By Jake Crosby
On July 16th, 2001, Mark Blaxill gave a presentation to the National Academy of Sciences’ Institute of Medicine (IOM) titled “The Rising Incidence of Autism: Associations with Thimerosal” despite his lack of scientific credentials, publication record or official title within any major autism organization – unlike any of the other speakers. His presentation elevated public perception of him to that of a chief proponent of thimerosal’s role in causing autism, especially concerning its epidemiological correlation. Ironically, he would later publicly backtrack on his position on thimerosal, purportedly based on statistics from the same database he presented on in his 2001 presentation – an apparent act to throw the omnibus autism cases and deny justice to 4,900 vaccine-injured children. Yet it all began with his invited IOM presentation in 2001 where he lacked the qualifications of the other invited presenters. What he did not lack, however, was employment with a consulting firm with a large number of pharmaceutical clients.
David Kirby‘s book “Evidence of Harm” misrepresents Blaxill as having presented to IOM on SafeMinds‘ behalf, but in fact Blaxill would not join SafeMinds for another year. A search for his name on PubMed does not return any hits prior to 2002. His only advanced degree was an MBA. Although his board membership with SafeMinds would not begin for another year at the time of his IOM presentation, his then-employment with the extensively pharma-tied firm Boston Consulting Group had already lasted two decades. He also used his work email address in his autism advocacy and consulted for Merck, having visited the company’s headquarters in New Jersey.
Mark Blaxill’s autism-related activities before his IOM presentation appeared limited to writing the occasional emailed newsletter for a group called Families for Early Autism Treatment (FEAT). He did not yet hold any official position within SafeMinds.
At the time of his 2001 IOM presentation of autism prevalence (how common autism is) in California’s developmental services system which he conflated with incidence (how frequently new cases occur) in his title slide, IOM’s sponsor, CDC, was already looking at that same data to see how it may be used to absolve thimerosal. Two years later, CDC then published a graph from Blaxill’s presentation in a paper aiming to clear thimerosal that also included data from international fugitive Poul Thorsen’s fraudulent research while it was still in press at the journal Pediatrics.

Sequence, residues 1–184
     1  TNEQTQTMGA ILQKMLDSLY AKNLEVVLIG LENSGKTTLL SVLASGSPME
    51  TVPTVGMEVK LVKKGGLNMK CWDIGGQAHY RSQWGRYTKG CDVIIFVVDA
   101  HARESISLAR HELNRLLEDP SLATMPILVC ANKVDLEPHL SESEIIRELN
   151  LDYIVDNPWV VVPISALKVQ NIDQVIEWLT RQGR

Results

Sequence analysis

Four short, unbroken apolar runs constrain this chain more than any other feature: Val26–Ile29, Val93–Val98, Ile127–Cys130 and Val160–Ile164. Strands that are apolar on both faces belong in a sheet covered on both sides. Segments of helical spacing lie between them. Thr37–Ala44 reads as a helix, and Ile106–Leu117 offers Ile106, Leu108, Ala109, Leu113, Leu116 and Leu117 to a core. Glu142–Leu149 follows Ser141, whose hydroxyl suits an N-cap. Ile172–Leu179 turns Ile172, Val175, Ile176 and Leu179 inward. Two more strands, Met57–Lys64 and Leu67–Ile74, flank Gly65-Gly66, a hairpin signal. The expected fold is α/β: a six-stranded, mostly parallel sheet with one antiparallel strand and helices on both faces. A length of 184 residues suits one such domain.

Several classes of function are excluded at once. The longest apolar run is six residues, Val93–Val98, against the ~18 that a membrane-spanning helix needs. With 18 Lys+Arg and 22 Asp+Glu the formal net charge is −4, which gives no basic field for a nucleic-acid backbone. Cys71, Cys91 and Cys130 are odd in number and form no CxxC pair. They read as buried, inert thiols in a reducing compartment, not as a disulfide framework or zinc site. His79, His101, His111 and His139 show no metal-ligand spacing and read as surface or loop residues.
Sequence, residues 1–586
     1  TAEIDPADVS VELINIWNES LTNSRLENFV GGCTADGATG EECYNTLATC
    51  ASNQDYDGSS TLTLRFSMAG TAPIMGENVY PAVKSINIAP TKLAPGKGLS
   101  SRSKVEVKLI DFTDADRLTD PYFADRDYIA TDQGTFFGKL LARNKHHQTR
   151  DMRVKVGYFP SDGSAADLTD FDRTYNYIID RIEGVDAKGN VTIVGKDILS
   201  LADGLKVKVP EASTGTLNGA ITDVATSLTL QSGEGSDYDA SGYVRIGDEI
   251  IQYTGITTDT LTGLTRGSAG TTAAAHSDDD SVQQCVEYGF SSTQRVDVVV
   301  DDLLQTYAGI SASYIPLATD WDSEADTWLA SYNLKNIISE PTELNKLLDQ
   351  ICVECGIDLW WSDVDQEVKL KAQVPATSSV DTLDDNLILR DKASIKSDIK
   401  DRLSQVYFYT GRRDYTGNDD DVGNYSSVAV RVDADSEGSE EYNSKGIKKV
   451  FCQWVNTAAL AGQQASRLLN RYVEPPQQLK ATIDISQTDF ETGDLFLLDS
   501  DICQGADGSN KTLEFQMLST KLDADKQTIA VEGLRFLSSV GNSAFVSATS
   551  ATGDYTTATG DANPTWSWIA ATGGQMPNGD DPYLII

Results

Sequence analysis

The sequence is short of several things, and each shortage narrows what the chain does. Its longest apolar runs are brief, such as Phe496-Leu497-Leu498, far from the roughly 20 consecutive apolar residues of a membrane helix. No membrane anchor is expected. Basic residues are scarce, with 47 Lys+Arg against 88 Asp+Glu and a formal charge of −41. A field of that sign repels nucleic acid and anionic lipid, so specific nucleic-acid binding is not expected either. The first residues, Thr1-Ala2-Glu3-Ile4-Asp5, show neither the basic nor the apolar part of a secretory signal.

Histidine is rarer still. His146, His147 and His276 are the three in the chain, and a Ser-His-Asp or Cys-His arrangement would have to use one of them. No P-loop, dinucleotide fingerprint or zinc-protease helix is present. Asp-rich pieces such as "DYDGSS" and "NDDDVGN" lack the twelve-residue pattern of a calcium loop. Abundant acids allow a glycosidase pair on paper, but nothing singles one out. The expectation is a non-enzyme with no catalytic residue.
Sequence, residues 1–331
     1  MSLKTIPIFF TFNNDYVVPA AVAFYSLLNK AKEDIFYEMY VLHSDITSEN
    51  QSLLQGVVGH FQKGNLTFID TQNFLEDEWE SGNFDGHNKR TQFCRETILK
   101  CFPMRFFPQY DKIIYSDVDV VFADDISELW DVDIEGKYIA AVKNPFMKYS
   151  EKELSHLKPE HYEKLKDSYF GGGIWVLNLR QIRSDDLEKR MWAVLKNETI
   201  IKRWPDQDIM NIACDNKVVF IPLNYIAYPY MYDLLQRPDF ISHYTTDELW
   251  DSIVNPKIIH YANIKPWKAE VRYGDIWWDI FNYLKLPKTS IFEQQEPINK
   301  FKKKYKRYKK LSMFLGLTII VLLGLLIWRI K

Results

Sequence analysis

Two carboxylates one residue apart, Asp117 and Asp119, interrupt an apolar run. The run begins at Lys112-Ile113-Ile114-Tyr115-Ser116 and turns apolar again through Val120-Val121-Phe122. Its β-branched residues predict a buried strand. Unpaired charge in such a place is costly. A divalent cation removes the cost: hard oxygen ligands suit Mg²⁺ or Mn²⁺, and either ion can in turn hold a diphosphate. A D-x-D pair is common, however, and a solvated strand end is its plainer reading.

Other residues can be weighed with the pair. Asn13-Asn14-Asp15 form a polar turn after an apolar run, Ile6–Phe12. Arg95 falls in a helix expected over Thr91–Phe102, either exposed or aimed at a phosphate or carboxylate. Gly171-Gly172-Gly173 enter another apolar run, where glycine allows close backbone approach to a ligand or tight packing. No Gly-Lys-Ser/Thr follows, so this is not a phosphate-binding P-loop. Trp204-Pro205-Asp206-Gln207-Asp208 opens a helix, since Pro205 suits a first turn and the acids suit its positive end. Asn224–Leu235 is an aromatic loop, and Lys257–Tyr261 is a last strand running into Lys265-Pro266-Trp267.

As the graph was merely correlative, it was hardly a threat to CDC, which had no problem publishing it in the American Journal of Preventive Medicine (AJPM). Living up to public expectation of Blaxill being not only a chief proponent but also a chief defender of thimerosal’s role in causing autism, he then wrote a scathing letter to AJPM accusing the authors of misrepresenting his work. He would later call Thorsen’s paper “uninformative and potentially misleading” following its publication.
But only a few years later, he would publicly backtrack on his position on thimerosal’s role in causing the autism epidemic. His pretense was the continued increases in California developmental services department’s autism caseload among younger children, despite the admitted prematurity of such data based according to the state’s own health department. This was the very database from which Blaxill used statistics in his 2001 IOM presentation to elevate his position as a thimerosal-autism-link proponent in the first place.
In 2007, Mark Blaxill unwittingly revealed his earlier change in position to be more likely an act than anything else, when he cited Thorsen’s own fraudulent research in an email to an omnibus petitioner to defend thimerosal – the very research Blaxill dubbed “uninformative and potentially misleading” years prior. This led to the throwing of 4,900 omnibus cases, for which he acted as a consultant to the lead attorneys. Later that same year and long after IOM was found to have secretly decided it would never say autism is a true side-effect of vaccination, Mark Blaxill participated in an “Autism and the Environment” IOM meeting heavily sponsored by pharmaceutical interests and which never mentioned vaccines. Although by 2007 he left his job with the pharma-tied Boston Consulting Group (BCG), he maintains connections to the firm through his ongoing board membership of a non-profit both directed and funded by BCG.
With his changing the topic of the 2012 congressional hearing from CDC autism research fraud to the federal response, his deliberately avoiding mention of “vaccines” in his congressional speech and his continued undermining of any congressional investigation into the fraud committed by Thorsen and other researchers used by CDC and IOM to justify thimerosal’s use, Mark Blaxill’s activities over the years are consistent with those of an infiltrator. Similarly, his sudden rise to prominence as a perceived advocate against thimerosal with his 2001 presentation at IOM is consistent with the actions of a person who had been planted there.
Jake Crosby is editor of Autism Investigated. He is a 2011 graduate of Brandeis University with a Bachelor of Arts in both History and Health: Science, Society and Policy and a 2013 graduate of The George Washington University School of Public Health and Health Services with a Master of Public Health in Epidemiology. He currently attends the University of Texas School of Public Health where he is studying for a Ph.D. in Epidemiology.